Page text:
[squid-users] Speed limit from file size
rousskov at measurement-factory.com
Thu Jun 21 16:09:35 UTC 2018
On 06/21/2018 05:11 AM, Michael Pro wrote:
> Simplify the task, let's say that I need to limit the speed only for
> what is in the cache, for each client.
> for this type of traffic is it possible made this logic ?
> file =<1MB client download with 400Kbit/s
> file 1MB...5MB client donload with 4Mbit/s
> file >5MB - no speed limit
The Content-Length part of my earlier response still applies.
The adaptation parts of my earlier response do not apply to cache hits:
Squid does not support the post-cache RESPMOD vectoring point.
If your use case is limited to cache hits, then modifying Squid to add a
response size-like ACL would be even more tempting because fully cached
hits without a Content-Length header have known (to Squid) sizes. Please
note cache hits that are still in the process of being downloaded (and
cached) may lack the Content-Length header. In that case, those cache
hits will not have a known (to Squid) size.
You could try using client delay pools (see Amos response for details)
but please note that those pools aggregate based on client IP addresses.
If you have many clients with the same source IP address (NAT or a peer
proxy), then this aggregation may present problems.
You may prefer response delay pools, but they are only available in v5:
Overall, you may be better off redesigning your bandwidth limiting plans
away from "file size" and towards something more directly related to
bandwidth consumption. The further you get from HTTP, the more difficult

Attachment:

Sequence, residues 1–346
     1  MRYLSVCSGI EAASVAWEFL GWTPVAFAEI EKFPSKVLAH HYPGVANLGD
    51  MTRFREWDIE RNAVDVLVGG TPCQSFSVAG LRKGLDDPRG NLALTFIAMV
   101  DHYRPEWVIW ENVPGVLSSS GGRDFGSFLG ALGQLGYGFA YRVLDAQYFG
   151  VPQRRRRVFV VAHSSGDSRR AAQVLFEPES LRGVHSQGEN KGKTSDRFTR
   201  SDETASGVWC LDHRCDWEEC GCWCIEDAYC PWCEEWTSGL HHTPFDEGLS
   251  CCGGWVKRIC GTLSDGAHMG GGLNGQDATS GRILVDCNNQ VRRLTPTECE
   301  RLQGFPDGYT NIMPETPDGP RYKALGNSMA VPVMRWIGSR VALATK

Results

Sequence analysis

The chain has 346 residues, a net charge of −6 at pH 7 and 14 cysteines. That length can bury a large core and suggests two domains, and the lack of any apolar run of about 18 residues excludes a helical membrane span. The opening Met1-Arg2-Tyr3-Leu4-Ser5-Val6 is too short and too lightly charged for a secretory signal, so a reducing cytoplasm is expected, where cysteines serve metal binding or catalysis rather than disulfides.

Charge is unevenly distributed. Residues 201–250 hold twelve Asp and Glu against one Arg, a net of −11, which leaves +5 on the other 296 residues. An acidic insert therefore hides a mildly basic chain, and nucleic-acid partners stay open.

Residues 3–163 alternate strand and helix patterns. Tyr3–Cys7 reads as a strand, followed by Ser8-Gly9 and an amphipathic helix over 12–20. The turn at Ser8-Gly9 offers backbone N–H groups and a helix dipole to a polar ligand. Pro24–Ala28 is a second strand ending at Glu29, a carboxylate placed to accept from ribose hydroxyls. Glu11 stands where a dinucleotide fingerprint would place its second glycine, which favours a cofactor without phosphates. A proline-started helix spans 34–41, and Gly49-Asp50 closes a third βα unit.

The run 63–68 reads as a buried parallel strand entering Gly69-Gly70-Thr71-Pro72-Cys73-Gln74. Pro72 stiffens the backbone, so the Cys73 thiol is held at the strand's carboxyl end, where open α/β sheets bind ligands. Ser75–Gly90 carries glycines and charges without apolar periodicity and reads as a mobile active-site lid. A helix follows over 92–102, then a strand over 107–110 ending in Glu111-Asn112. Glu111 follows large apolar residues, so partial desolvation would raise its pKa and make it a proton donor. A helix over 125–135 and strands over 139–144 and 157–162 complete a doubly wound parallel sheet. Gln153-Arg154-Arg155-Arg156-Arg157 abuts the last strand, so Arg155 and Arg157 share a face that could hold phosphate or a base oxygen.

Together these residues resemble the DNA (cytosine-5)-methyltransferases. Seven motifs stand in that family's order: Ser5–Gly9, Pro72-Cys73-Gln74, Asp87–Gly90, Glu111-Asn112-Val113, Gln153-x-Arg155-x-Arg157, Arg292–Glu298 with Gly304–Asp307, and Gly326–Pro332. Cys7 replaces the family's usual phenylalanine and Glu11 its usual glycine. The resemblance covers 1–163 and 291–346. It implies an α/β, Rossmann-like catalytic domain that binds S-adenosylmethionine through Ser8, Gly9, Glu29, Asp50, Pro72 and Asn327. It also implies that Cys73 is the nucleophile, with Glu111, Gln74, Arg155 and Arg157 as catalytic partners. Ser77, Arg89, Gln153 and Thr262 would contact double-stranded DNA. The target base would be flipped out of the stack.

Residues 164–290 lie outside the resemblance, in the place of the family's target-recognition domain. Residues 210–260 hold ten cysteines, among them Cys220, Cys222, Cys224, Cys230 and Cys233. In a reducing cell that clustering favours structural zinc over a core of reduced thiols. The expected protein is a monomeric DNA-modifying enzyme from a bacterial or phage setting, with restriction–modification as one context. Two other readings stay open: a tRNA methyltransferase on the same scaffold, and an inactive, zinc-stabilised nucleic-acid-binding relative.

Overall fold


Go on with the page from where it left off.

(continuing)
mapping your requirements to HTTP tool capabilities becomes...
> чт, 21 июн. 2018 г. в 8:18, Alex Rousskov <rousskov at measurement-factory.com>:
>> On 06/20/2018 01:44 PM, Michael Pro wrote:
>>> Is it possible to limit the speed of receiving the file to the client
>>> depending on the file size?
>>> Let's say,
>>> file =<1MB client download with 400Kbit/s
>>> file 1MB...5MB client donload with 4Mbit/s
>>> file >5MB - no speed limit
>> For HTTP responses with a Content-Length header, you can create poor
>> man's equivalent of a missing response_body_size ACL. For example:
>> acl smallerThanTenBytes rep_header Content-Length ^[0-9]$
>> With an ACL like that, you can direct responses to the right pool. IIRC,
>> pool assignment may happen multiple times during the lifetime of a
>> transaction so you need to be careful to deal with assignments that are
>> done before there is a response. Delay pools are not my area of
>> expertise but others on the list can help you with the details.
>> For HTTP responses without a Content-Length header, you can use an
>> adaptation service (ICAP or eCAP) to tag transactions that start to
>> exceed 1MB and 5MB boundaries. A "note" ACL can check for that tag, but
>> I do not think Squid delay pools re-check pool ACLs after the response
>> body bytes start to flow. If I am right, then you would not be able to
>> (re)route response body bytes to the right delay pool for responses
>> without a Content-Length header.
>> You could use an adaptation service itself to slow responses without
>> Content-Length down (partially duplicating Squid's delay pools
>> capabilities), but the precision of such an approach may be too low due
>> to Squid internal buffering. YMMV.
>> For HTTP CONNECT tunnels (i.e., HTTPS traffic) even the adaptation
>> tricks would not work because adaptation services do not get CONNECT
>> tunnel bytes (yet?). You would have to bump the tunnel to get access to
>> the HTTP responses inside (and bumping opens another huge Pandora box).
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